"What Remains," an art installation by artist Meg Bloom, will be on view in the Schumacher Gallery from Friday, Jan. 6, through Friday, March 3.
Artist Meg Bloom with details of her art installation entitled "What Remains"
Schumacher Gallery to Exhibit 'What Remains' Installation January 6 – March 3
"What Remains," an installation art exhibition created by artist Meg Bloom, will be on display in Westover's Schumacher Gallery from Friday, January 6, through Friday, March 3. An opening reception will be held Friday, January 6, from 5 to 6:30 pm in the gallery.
In her artist's statement, Bloom said, "Finding beauty in the imperfect or impermanent, acknowledging moments of change, and engaging with the process of transformation (often) form the basis of my work. My process is guided by the mix of planning and chance that the materials I use offer to the imagery.
"My art often references nature (including human nature)," Bloom continued, "whether evoking the skeletons or remains of what was or the discovery of new life (growth) stealing its way amidst the ashes. It reflects memories, traces, and fantasies that combine metaphors for what has been and will be.
"I may start with pulp to produce large handmade paper sculptures," Bloom added, "or raw fibers which I cook and peel, then reassemble, or layers of silk and wax and papers which I transform through the use of heat. Regardless of the end product, my process involves a breaking down and reassembling or revisioning of both the materials and my own visual memories."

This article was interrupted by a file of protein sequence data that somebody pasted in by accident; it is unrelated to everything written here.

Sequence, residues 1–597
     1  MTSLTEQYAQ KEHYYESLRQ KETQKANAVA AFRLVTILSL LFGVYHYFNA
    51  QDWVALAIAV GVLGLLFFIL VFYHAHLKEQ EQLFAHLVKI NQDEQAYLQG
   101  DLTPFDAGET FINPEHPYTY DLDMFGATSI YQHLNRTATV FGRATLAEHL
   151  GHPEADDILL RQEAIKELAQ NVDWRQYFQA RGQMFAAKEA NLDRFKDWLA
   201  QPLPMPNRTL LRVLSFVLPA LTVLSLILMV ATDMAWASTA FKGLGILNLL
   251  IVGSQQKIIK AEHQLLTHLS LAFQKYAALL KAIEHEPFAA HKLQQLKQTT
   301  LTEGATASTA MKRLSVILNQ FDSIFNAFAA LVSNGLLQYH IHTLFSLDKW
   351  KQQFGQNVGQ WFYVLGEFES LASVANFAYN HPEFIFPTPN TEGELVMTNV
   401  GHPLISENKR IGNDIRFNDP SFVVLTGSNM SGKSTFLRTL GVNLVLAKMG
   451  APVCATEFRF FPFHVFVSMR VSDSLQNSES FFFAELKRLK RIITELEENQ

As Westover's theme for the 2016-2017 academic year is "Reverence for the Earth," Bloom's "What Remains" complements the classes, programs, and presentations that ask students to reflect on society's relationship with the natural world.
Based in New Haven, Bloom said, "Art-making has always been a major focus in my life. I was also a social worker for 30 years and have been committed to trying to integrate the two. My work references nature and issues around imperfection and impermanence including both deterioration and regeneration.
"In 1998 I left my social work job to attend a three-year program at the New York Studio School of Drawing, Painting, and Sculpture," Bloom said. "Much of my work was still figurative at this point, but I became increasingly interested in abstraction while working with sculptor Lee Tribe.
"After leaving the Studio School in 2001," Bloom added, "I began to experiment with a progression of different materials. Over the next 5 years I fell on a happy mistake while experimenting with heat on silk, synthetic organza, paper and wax. I developed my own process which I have continued to use since that time. I also began making handmade paper, mostly with abaca and flax fibers, which I then assemble into sculptural forms. Two years ago I took a workshop with Jiyoung Chung, where I learned the basics of Joomchi, a Korean paper-making technique using kozo, a mulberry fiber paper. In the process, papers are layered and then felted into one cohesive form – usually two-dimensional, though in my case more frequently three. Most recently I have been working with the raw kozo fiber, falling in love with its texture and seeing it as a vehicle for my own visual associations."
In addition to her art studies at the New York Studio School, Bloom holds an A.B. from Brandeis University and an M.S.W. from the University of Connecticut School of Social Work. Throughout her art career, she has exhibited and had installations in a number of galleries and museums and has participated in artist residencies and community art projects in Connecticut and New York.
The Schumacher Gallery is open to the public Mondays through Fridays from noon until 5 pm and Saturday from 1 to 5 pm. The gallery is closed Sundays. The gallery is located on South Street. Visitors must access the gallery through Westover's main entrance, which is located on the Middlebury Green.